A 21-inch Avon Speedmasterfront tire leads the way from the past to the present. The mechanical brake wheel is firmly secured to a genuine Harley-Davidson ELC military bike springer front end. The ELCs had springers that were 2 and 3/8 inches longer than the usual stock springers of the day. The Aris rectangular headlight is equipped with newly fabricated mounts done by J-Park himself. The mini ape-hangers are 7/8 inch in diameter. Different from the usual 1-inch handlebars we typically see on Harleys these are a 1950’s Flanders product. Jason welded up the risers and made the right and left grip rings which replicate the old Harley styling. The smaller diameter handlebars give the bike a sleeker look and a lighter feel. The internal throttle is a nice touch. The Wassel peanut gas tank is pure ‘60s era. But what you don’t know is that it has been reworked extensively. Jason chopped, channeled and tunneled it into flawless perfection. “I shrunk it in every direction,” said Jason. “Choptastic!”The oil tank is genuine Harley but Jason modified it to accept banjo-style oil line fittings. The diamond pattern seat is a classic Selle Giuliari product. This Italian made seat was once supplied by Dixie Distributing out of Ohio, a legendary motorcycle parts company (for you history buffs).The rear fender is a “new old stock” Wassel unit for the 1960s as well, “it was the last one I had from a bunch I bought from Ron Finch fifteen years ago at the Detroit Swap Meet. He was moving shops if I remember right and I bought a bunch of Wassel tanks and fenders – as much as my arms could carry – for like twenty dollars each back then,” said Jason. Jason reshaped and stretched the fender to fit the Avon 4.50/18 tire. Do you like the sissy-bar? Another unique piece Jason shaped and welded using half-inch rod and ball bearings. It reminds me of a trident, the weapon of Poseidonthe God of the Sea in classical mythology. An authentic piece for sure and it’s what helps make this custom creation stand out from the rest. The cool little stoplight is yet another in-house conception. Jason’s good buddy Victor, who works as an aircraft mechanic, gathered up some LEDs that were laying around the shop and wired them up to the machined housing. Yes, it’s all about the little details folks! The 1958 Panhead motor includes a balanced S&S rod assembly, Andrews B-2 cam, Wiseco pistons and big-valve heads. The cam cover was shaved of all its fins to make it look like an earlier model and then it was chromed. With help from good buddies Wayne, Bob and Mitchell, the motor was polished to perfection. “We worked like fuckin’ slaves to finish all the polishing for this bike, just before the start of a certain show I attended – I was running a little behind,” said Jason.I like the air intake cover on the carb, Jason made an adapter plate so that it fits the S&S carburetor. The formed-to-perfection exhaust pipes were also fabricated in the shop. The 1¾ inch pipes which exit the motor heads finish off with a set of Superior cocktail shaker mufflers. “I made the ends longer because it’s hard to get the long-end versions,” said Jason. “The million-dollar tranny,” as Jason calls it is filled with Andrews gears and components. The gearbox was polished in-house and then everything and I mean everything, including the kicker shaft was sent to the Plating House in Vaughan for an electroplated layer of chromium. The extreme shine on this bike can blister a blind man’s retinas! Fabor Cycle provided Jason with the cool kicker pedal. It’s a reproduction of a 1950s Chicago Motorcycle Supply piece.The foot-clutch mechanism is an in-house made copy of a late 40s early 50s Lee clutch pedal but this one is equipped with ball bearings and bushings, “I put this set-up on a lot of my custom builds,” said Jason. The foot pegs are modified and chromed military bike passenger pegs, for a little more classic coolness. Jason also skillfully made all the foot control parts. The 1957 frame was massaged to make it more appealing and a traditional vibration bar was added to the down tubes where the sidecar mounts sit. Solid foundations are important. Toronto’s “maestro of tangelo” John Connery (Connery’s Custom Paint) is responsible for the pristine paint job. Jason asked John to add a candy fade to the House of Colour mix. This bike radiates like nuclear fusion! The beauty of the finish is that it emanates different colour tones depending on the ambient light. Mr. Connery once again laid down a truly stunning paint job!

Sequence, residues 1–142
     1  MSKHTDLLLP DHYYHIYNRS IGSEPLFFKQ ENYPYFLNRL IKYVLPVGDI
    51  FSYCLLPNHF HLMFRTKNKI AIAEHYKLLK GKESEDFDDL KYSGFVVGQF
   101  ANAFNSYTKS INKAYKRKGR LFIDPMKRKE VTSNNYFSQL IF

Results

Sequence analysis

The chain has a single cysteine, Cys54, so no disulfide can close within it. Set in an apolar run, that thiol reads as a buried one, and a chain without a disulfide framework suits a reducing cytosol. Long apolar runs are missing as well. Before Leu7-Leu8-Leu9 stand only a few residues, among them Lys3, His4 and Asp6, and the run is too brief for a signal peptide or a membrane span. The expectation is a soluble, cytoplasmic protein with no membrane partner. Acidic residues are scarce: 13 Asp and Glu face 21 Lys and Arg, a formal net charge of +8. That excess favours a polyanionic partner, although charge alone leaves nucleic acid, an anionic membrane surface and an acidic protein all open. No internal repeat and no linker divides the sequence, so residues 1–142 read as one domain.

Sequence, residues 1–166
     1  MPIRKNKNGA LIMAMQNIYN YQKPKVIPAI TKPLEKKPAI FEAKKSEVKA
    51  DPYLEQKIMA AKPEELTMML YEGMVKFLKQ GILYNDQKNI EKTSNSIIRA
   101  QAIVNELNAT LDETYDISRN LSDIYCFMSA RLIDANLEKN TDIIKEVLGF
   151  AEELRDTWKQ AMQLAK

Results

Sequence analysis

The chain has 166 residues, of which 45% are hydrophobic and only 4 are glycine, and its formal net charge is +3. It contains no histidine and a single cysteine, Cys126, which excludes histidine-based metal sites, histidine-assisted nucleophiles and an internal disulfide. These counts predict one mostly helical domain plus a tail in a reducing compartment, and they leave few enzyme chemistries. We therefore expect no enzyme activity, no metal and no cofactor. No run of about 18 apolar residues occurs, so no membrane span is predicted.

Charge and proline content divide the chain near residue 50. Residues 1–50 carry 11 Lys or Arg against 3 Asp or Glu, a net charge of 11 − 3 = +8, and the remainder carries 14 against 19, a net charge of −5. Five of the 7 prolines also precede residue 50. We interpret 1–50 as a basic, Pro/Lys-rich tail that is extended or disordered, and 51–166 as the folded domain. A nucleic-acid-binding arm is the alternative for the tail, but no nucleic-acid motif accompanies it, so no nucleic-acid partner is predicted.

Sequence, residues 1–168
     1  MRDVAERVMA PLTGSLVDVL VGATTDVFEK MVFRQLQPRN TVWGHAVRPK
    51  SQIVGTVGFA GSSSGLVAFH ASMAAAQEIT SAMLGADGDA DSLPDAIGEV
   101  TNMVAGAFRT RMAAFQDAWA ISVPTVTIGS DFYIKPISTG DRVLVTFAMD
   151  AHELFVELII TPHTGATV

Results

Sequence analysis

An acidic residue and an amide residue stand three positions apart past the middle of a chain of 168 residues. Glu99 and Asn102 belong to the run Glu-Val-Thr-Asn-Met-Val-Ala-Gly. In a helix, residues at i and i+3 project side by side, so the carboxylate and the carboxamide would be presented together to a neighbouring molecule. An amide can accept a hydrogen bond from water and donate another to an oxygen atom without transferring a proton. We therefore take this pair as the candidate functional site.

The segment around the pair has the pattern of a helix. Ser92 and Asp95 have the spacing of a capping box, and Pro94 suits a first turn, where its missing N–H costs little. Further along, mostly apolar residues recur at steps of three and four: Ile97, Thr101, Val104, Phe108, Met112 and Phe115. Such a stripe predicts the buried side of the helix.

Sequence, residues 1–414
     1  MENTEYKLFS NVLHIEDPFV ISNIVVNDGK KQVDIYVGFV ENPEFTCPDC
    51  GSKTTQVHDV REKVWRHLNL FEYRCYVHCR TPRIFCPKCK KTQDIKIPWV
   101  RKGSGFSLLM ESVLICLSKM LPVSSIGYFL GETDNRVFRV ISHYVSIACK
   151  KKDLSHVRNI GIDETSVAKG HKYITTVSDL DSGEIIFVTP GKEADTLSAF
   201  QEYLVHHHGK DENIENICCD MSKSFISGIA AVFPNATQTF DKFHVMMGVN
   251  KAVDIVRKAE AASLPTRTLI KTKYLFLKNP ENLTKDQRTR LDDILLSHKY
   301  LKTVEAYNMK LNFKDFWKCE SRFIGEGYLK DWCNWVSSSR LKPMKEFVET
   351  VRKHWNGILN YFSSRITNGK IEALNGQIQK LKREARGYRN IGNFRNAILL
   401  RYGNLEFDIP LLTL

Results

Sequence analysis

Never Let The Bastards Get You Down –